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SLO County will create a new water resources division 

In response to an increasingly mounting workload dealing with all things water and wastewater, the San Luis Obispo County Board of Supervisors approved on Feb. 17 a reorganization of the public works department to create a new water resources division.

Currently, the department’s water resources personnel work under the utilities division, which has two distinct responsibilities that include wastewater and flood control management as well as water resources planning. The ongoing drought and rising challenges in managing water basins and water supplies throughout the county have brought an increase in workload for county staff, said Deputy Director of Public Works Mark Hutchinson.

“On top of that we see the responsibilities of the utilities division expanding before our eyes,” Hutchinson said, citing new programs and capital projects like the Los Osos Wastewater Project.

The reorganization, which was approved unanimously, will transfer 8 1/2 existing full-time equivalent positions to the new water resources division. One full-time position will be created to manage the division, costing $187,900 in salary and benefits. According to Hutchinson, the new position’s costs will be offset by the reduced use of outside consultants, making the reorganization cost-neutral to the county.

The supervisors also approved a temporary salary increase for Public Works Administrator John Diodati, who’s spearheading the Paso Robles basin district formation project. Diodati will receive a 15 percent salary increase to compensate him for what has become 60-hour work weeks as preparing the application package for a water district to manage the Paso Robles Groundwater Basin has been added to his normal duties. In October 2014, the supervisors directed county staff to prepare the application for submittal to the Local Agency Formation Commission (LAFCO).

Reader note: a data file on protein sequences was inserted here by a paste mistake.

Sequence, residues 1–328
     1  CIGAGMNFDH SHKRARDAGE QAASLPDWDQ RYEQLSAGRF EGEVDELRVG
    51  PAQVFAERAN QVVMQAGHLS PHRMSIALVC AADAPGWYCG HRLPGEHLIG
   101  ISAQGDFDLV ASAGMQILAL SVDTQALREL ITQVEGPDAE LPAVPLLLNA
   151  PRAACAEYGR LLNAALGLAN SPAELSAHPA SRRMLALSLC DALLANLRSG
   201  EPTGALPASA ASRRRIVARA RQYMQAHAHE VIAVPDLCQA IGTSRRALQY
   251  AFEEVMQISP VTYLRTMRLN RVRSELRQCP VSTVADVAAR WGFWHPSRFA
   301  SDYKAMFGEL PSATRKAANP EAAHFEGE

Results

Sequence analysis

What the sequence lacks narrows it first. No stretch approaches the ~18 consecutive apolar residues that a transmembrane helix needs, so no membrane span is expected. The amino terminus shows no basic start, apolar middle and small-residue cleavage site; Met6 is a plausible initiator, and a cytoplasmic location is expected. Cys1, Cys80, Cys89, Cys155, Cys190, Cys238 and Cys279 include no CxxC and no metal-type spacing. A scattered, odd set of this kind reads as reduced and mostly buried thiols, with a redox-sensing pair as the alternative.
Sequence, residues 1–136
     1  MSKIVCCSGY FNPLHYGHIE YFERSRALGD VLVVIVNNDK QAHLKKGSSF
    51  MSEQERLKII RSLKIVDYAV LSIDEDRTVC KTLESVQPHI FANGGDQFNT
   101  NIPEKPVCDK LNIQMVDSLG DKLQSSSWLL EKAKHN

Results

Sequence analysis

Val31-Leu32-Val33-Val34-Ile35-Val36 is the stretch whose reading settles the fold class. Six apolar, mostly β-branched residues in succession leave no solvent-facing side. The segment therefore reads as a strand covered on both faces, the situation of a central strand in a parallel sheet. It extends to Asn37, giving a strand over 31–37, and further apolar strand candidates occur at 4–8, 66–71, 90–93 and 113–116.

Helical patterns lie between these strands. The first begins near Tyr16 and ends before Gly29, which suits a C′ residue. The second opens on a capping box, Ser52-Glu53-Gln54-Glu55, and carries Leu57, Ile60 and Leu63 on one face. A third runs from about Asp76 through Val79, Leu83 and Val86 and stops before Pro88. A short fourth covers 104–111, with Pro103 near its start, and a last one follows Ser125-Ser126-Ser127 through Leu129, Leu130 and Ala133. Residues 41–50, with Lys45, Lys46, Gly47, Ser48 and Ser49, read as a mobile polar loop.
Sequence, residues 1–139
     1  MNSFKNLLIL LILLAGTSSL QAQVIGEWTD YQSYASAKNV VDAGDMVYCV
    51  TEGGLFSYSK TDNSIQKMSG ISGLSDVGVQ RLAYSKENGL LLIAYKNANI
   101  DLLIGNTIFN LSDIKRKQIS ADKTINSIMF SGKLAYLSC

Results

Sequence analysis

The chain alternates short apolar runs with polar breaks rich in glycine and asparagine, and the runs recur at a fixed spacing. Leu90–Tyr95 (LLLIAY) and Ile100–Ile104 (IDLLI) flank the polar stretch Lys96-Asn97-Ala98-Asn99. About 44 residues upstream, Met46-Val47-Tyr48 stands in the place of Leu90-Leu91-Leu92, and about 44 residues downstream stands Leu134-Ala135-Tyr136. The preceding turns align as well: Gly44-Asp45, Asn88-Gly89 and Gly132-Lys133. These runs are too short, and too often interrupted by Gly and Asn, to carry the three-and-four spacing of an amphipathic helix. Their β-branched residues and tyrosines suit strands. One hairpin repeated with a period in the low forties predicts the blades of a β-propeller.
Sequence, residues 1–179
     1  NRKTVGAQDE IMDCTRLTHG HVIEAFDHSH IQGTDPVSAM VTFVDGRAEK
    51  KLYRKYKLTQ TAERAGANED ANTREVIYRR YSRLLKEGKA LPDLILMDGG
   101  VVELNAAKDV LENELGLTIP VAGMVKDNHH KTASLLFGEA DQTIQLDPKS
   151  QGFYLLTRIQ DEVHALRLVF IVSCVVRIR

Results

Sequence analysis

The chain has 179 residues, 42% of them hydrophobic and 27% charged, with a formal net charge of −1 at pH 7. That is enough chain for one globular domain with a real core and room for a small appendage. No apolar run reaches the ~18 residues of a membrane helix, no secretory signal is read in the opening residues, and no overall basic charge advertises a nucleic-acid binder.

The county’s staff report identified two options for completing the district’s application: hiring a full-time manager or compensating Diodati for the extra ongoing work. The report stated “the second is most preferable because it’s substantially less costly, takes advantage of Mr. Diodati’s unique experience and abilities, and will result in a more timely process.”

The temporary salary increase is expected to last through the district’s formation vote, an estimated 12 to 14 months.

The possible formation of a water district has been a hotly contentious issue since it was first proposed in 2013 by a group of viticulturalists called Paso Robles Agricultural Alliance for Groundwater Solutions, or PRAAGS.

Supervisor Debbie Arnold objected to the proposed salary increase, saying she was uncomfortable with the ultimate goal of the staff time it would be paying for.

“I have all along told you that it’s fundamentally wrong for county government to apply to LAFCO to form another government,” Arnold said.

Supervisor Bruce Gibson, who has consistently supported the district and other management efforts for the Paso Robles basin, supported the increase.

“Mr. Diodati has a grasp on finance and government structure that is exceptional,” he said.

The salary increase passed with a 3-2 vote. Gibson and supervisors Adam Hill and Frank Mecham voted yes, while Arnold and Supervisor Lynn Compton voted no.

-- Melody DeMeritt - former city council member, Morro Bay

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